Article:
Bortolussi CMA Journal Article on Listeriosis – An Open Response by Marie Warder

Posted October 26th, 2008 by webadmin

Dear Doctor Bortolussi, Please forgive the impertinence of an amateur like myself, in taking the liberty of commenting on your excellent article. However, having devoted more than thirty years of my life to the well-being of families with Hemochromatosis, I do believe the omission of ‘persons with iron overload’ among your list of those most at risk, to have been an oversight.

If, as the experts tell us, iron is an essential growth factor for the multiplication of most bacteria, viruses, and even some cancers, it explains why the people I personally know of, who were afflicted with Listeriosis from eating unpasteurized soft cheeses, were hemochromatotic; as was one who nearly lost his hand because of Pasteurella from a cat bite.

In a 1986 issue of “Among Ourselves”, the newsletter of the Canadian Hemochromatosis Society, we printed the following:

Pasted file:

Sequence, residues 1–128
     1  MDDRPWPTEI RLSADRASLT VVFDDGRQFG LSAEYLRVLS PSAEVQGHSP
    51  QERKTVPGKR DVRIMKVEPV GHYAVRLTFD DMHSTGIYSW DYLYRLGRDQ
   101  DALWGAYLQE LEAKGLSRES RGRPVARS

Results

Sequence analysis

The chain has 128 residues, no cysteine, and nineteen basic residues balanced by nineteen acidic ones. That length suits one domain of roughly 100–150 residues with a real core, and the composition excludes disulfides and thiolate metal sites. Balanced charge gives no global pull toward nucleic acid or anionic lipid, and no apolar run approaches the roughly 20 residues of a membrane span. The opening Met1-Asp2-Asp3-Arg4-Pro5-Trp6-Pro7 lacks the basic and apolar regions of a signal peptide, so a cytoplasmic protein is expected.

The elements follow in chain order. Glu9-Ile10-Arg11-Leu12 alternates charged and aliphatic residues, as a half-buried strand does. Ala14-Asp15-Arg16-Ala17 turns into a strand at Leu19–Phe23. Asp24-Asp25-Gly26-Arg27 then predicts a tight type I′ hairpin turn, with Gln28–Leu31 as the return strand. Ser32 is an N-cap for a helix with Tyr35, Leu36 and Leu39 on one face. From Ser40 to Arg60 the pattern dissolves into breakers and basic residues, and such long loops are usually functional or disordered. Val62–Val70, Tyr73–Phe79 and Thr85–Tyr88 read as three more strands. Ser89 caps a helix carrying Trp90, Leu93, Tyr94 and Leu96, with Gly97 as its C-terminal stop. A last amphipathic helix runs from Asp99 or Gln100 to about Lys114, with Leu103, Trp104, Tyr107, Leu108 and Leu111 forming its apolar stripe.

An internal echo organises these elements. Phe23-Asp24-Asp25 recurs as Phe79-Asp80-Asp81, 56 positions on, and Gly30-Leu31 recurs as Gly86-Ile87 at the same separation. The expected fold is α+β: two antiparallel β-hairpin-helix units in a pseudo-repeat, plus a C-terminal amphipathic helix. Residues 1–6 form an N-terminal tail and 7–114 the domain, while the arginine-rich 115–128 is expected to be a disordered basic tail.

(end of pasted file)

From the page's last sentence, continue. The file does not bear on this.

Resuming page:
Warnings have been issued in a number of medical journal articles, including one in the April 1985 FDA Drug Bulletin, to patients with chronic liver diseases (including hemochromatosis) not to eat raw clams or oysters, and undercooked seafood, and in the event of open wounds to avoid bathing in salt water because of the danger of a virulent Vibrio bacteria (Vibrio Vulnificus). Treatment with tetracycline is specific.

In a letter to the editor of JAMA, June 19, 1987-Vol 257, no 23, the writers, Claudio Chiesa MD, Lucia Pacifico MD, Francesco Renzulli MD, and Mario Midulla, MD, of La Sapienza University of Rome, and Laura Garlaschi MD, of the University of Milan, reported: “From 1978 to 1986, in Italy, almost all cases of severe clinical disease due to Yersinia enterocolitica septicemia, developed in subjects with iron overload with hemochromatosis. Therefore, when confronted with this unusual problem, the diagnosis of hemochromatosis should be entertained.”

It is my personal contention that, in situations like the Walkerton E-coli outbreak, and the developing salmonella problem, hemochromatotics should always be considered to be at great risk. In fact, iron stores – particularly the Transferrin Saturation Percentage – should be monitored in all afflicted individuals. Not only would this be good for the patient (as in the case of patients treated with Interferon), but it would provide researchers with an invaluable opportunity for research.


Marie Warder, CVMH CVCH Founder and President Emeritus: Canadian Hemochromatosis Society